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Self-petitions by Abused Parents of U.S. Citizens

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Background. Title IV of the Violent Crime Control and Law Enforcement Act of 1994, contains the Violence Against Women Act of 1994 (VAWA). VAWA permits certain spouses and children of U.S. citizens and lawful permanent residents who were subjected to battery or extreme cruelty to self-petition for immigrant classification. Although the title of VAWA reflects the fact that many abuse victims are women, battered spouses and children of either sex can benefit from these provisions. The immigration provisions of VAWA were expanded by the Battered Immigrant Women Protection Act (BIWPA), on October 28, 2000. And the Violence Against Women and Department of Justice Reauthorization Act of 2005 further expanded the immigration provisions of VAWA. by providing certain parents who were subjected to battery or extreme cruelty by their U.S. citizen sons or daughters the ability to file a self-petition.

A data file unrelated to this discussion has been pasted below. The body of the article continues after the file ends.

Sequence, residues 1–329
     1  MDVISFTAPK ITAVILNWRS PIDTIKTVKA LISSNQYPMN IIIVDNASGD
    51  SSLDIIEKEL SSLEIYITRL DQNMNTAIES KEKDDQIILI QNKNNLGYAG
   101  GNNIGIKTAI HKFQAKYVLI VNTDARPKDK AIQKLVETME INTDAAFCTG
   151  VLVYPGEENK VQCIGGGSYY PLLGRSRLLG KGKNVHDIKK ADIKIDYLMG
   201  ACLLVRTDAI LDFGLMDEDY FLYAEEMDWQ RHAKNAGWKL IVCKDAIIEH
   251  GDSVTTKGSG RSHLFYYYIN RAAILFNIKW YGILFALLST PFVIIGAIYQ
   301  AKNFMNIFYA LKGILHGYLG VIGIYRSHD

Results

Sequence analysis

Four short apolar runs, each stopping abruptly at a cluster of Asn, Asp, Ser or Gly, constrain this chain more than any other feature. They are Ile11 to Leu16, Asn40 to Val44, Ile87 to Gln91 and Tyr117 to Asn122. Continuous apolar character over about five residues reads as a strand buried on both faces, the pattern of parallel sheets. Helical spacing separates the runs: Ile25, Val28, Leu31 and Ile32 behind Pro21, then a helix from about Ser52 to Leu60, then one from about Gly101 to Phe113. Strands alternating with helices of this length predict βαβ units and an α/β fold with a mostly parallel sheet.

Eligibility Requirements. The self-petitioning parent must demonstrate that he or she:

 

(1) Possesses the requisite qualifying relationship to the U.S. citizen son or daughter. The following relationships qualify:

 

  1. The parent of a U.S. citizen son or daughter who is at least 21 years of age when the self-petition is filed; or
  2. The parent of a former U.S. citizen son or daughter who lost or renounced citizenship within the two years prior to filing the self-petition as a result of an incident of domestic violence. At the time of the loss of status, the son or daughter must have been at least 21 years of age; or